Updated Plans for Battery Lane Redevelopment Submitted

Updated Plans for Battery Lane Redevelopment Submitted

Project up for Planning Board review in December

| Published:
Untitled design (38)

An illustrative map of the Battery Lane District in Bethesda, where developers have proposed a project to raze and replace six apartment buildings.

Via Batterylanedistrict.com

A plan to redevelop Bethesda’s Battery Lane district is ready for its first round of Planning Board review and features more than 300 affordable housing units, according to developers.

Plans call for razing six aging apartment buildings on Battery Lane and replacing them with new complexes, capped at 160 feet tall.

In total, 477 apartments will be replaced with 1,530 new units, a net increase of 1,053 units.

The property currently has no affordable-housing units.

New apartments will range in size from “co-living units” and studios to two-bedroom units, the new development application says. A two-story townhouse-like apartment corridor facing Battery Lane Park is possible.

In its initial presentation to the public, developers presented a slightly different plan, with 1,498 units and 375 affordable housing units.

New plans also include 12,000 square feet of commercial space, a “two-way cycle track on the north side of Battery Lane,” several through-block connections to join the neighborhood with Woodmont Avenue and significant landscaping, according to the development application.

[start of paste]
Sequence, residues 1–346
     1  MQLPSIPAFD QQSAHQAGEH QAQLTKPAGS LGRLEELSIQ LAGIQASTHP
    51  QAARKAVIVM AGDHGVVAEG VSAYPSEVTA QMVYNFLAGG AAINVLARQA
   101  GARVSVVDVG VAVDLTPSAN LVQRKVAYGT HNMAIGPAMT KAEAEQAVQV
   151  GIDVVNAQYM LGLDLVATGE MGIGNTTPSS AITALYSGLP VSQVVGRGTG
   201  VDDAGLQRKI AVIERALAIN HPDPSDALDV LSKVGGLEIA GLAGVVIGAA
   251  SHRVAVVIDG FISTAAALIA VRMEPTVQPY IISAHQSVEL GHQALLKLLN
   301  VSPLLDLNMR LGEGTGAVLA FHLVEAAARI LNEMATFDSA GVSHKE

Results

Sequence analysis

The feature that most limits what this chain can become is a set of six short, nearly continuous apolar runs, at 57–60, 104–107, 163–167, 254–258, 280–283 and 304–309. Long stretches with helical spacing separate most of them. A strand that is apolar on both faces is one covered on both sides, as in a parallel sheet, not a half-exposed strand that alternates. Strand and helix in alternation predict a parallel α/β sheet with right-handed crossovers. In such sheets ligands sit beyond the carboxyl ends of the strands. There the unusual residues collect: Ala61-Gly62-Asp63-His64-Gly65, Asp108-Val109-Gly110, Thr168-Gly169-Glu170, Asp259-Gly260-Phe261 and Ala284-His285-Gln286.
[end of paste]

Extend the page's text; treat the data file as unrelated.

Some walkways would be widened, more public open spaces would be added and a new parking garage would be added.

Also included in the project proposal is improvements to The Bethesda Trolley Trail, which provides a pathway around the National Institutes of Health connecting Rugby Avenue to Old Georgetown Road.

With a focus in the project on “connectivity, neighborhood identity and livability,” developers propose using three different architecture firms to develop the six new buildings and “weave a complex urban fabric, melding old with its new buildings and adding critical, usable connecting spaces for an authentic residential neighborhood built over time,” according to the development application.

Development is expected to happen in phases and each apartment will remain in use until its turn for redevelopment. Construction is expected to begin in 2021 or 2022.

“The Project is a comprehensive redevelopment plan for the long-time owners/operator to replace six of its 50+ year-old garden-style rental apartment buildings with a mix of modern housing in a rolling, phased approach over 10-15 years,” the development application says.

Caitlynn Peetz can be reached at caitlynn.peetz@bethesdamagazine.com

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